Google has added a couple of movies to help you with mashups using other people's data or adding your own content to Google Maps My Maps. Here's a featured example of Bo Majewski's personal experiences of Sydney using My Maps.

Google Australian Electoral guide

Not strictly speaking a Macintosh GPS subject, but Google has launched a site on the forthcoming Australian Federal election that includes a find your electorate feature using Google Maps My Maps feature (warning: doesn't work in Safari). You will need to log in to Google to see the option under 'Featured content' on the right ('Australian 2007 Election').

If you have Google Earth you can also download a kmz file to add a map layer for the electorates there.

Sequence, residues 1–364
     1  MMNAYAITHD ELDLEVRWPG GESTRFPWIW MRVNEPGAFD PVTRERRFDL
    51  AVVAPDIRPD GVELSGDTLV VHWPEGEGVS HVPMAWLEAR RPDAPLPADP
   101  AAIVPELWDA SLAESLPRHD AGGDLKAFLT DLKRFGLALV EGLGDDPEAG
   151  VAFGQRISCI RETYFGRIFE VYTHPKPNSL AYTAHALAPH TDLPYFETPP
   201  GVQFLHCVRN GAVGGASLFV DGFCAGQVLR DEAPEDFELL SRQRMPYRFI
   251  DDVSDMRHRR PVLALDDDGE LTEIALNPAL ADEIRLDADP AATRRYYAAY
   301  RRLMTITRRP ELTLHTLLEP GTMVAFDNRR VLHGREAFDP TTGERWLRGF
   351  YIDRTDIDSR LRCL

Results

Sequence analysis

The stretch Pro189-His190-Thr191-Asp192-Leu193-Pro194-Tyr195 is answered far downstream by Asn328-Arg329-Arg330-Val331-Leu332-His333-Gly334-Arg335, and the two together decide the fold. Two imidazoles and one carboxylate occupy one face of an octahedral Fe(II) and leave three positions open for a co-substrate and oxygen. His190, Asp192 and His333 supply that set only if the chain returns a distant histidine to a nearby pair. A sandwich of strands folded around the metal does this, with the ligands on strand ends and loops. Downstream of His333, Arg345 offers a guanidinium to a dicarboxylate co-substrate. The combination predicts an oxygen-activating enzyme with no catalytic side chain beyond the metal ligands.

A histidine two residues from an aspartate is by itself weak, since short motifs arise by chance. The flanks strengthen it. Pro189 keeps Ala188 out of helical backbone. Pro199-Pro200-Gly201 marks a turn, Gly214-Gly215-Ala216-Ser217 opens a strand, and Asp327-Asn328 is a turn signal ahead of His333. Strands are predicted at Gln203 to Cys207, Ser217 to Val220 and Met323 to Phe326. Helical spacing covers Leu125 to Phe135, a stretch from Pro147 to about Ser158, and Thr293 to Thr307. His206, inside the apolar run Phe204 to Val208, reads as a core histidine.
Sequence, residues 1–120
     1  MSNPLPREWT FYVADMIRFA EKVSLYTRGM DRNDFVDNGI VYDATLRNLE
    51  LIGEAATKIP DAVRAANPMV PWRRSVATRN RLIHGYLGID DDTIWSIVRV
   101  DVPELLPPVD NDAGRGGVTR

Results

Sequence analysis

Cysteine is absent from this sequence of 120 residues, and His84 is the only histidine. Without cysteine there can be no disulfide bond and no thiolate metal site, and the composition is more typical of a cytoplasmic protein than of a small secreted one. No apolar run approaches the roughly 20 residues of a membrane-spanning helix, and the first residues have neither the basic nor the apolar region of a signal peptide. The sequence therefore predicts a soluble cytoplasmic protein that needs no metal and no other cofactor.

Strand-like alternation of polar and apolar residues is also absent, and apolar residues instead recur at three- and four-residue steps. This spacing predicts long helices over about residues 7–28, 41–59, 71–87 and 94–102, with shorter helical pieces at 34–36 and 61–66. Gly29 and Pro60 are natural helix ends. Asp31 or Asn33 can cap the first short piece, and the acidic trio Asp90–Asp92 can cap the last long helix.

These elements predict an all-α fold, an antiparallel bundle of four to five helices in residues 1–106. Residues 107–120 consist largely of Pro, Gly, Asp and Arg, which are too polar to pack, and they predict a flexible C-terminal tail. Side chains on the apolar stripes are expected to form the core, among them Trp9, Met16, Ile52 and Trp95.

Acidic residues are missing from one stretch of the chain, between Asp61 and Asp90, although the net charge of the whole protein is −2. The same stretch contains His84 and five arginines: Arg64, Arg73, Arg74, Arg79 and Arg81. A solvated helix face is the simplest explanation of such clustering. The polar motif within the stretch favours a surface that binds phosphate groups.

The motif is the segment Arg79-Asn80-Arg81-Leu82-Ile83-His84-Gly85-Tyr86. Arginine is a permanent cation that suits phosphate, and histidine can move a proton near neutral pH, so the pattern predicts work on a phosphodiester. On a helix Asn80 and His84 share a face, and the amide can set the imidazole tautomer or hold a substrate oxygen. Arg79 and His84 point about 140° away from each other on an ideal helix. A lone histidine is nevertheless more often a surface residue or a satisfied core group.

05 September 2007

Mercedes (or BMW) for my next car?

At least for driving (if you are in the US and want to buy a new Mercedes) you can now transfer directions from Yahoo! Maps or Google Maps to you car's GPS: it's called Search & Send. BMW has been working with Google to do a similar thing for BMW as well. Watch the videos for Search & Send: it works through a browser so the platform doesn't come into it.

25 August 2007

Calibrating NATMAP Raster Premium maps

The topographic maps on Geoscience Australia's Raster Premium DVDs are stored in .ecw zone files: one file for each of the 8 MGA (Map Grid of Australia) Zones that cover Australia.These files are very large, but you can open them in Graphic Converter on the Macintosh and excise the bit of the map you want and save it as a PICT file for MacGPS Pro. To use these maps on the Macintosh you will have to save them in a format the Mac understands, and calibrate the files.